Here's the ideal for me ("the ideal"--not what I expect or demand, but--hey, we're DIYing this Old School Gaming thing so why not start doing things a different way?)...
Rather than a writer going "Hey, I'm gonna write an adventure about Giant Worms From Space, then once it's done I'll send it to this artist that I think would draw awesome worms and see if I can get him/her to illustrate it."
Maybe try..."Hey I'm gonna write an adventure about Giant Worms from Space. I'm gonna tell this artist who I think would draw awesome worms -right now- and commission him/her to send me a picture of some Giant Worms From Space doing something right now and then maybe I'll get some ideas, and I'll use the picture in the adventure. Then wherever I get with writing on that, I show the artist, and then I'll ask for another picture, and then maybe I'll get some ideas from that, and we'll go back and forth and make an awesome adventure."
All OSR writers are DMs, most artists are, too. If their work seems interesting and it seems like they would be right for your project, it probably means they have ideas about that thing. You can't actually draw a Giant Worm From Space without thinking about one at least a little.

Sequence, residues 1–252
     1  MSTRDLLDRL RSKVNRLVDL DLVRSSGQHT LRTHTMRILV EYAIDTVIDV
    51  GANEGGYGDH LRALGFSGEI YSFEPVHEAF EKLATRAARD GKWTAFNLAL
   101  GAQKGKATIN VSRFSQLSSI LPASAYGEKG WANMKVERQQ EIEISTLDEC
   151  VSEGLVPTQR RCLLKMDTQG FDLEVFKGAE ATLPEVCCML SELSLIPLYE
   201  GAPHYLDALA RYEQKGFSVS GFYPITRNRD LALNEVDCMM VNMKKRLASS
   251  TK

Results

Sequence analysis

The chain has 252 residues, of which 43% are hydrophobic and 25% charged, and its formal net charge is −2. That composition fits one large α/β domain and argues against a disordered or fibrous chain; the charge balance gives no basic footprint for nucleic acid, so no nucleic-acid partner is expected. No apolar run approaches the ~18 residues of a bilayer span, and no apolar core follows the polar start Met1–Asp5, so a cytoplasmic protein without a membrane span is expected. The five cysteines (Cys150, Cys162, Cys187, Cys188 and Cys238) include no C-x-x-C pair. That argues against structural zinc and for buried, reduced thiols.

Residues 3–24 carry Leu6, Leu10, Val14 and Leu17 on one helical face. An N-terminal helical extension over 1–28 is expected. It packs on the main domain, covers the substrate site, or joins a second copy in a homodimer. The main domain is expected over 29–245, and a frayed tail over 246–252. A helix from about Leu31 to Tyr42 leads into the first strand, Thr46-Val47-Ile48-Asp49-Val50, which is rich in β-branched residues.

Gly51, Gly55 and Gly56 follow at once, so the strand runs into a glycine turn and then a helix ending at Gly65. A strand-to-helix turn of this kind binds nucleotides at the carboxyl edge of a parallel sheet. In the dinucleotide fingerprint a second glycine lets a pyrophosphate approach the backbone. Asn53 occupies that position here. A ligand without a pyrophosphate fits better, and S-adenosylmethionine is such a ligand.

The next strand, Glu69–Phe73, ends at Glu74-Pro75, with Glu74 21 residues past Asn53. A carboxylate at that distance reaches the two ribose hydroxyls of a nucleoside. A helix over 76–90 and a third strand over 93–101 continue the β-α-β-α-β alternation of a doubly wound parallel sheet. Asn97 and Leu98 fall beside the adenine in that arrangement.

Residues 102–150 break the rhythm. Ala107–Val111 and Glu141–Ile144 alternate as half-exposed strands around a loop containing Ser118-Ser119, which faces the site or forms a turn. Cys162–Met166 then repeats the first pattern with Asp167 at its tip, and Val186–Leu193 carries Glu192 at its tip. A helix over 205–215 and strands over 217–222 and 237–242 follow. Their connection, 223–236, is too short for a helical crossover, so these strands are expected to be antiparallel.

And yeah, that's maybe harder, you have to commission the picture before you're even sure the thing's written, but we should be trying new crazy ways of doing things. For the DIY D&D artists, who--let's face it--are not getting paid a lot, being involved in the project at this level makes it much more fun and exciting, and may make them more willing to get involved and put work in. It's their baby too.
If an artist is working for you, chances are s/he would like to one day hold up whatever s/he makes as a portfolio piece to attract future clients. That means s/he'd really like to do something s/he thinks is interesting and is engaged in.
For further reading on the subject of artists having good ideas to contribute to media involving both words and pictures, see:
Stan Lee and Jack Kirby
On Deathless Gods
3 hours ago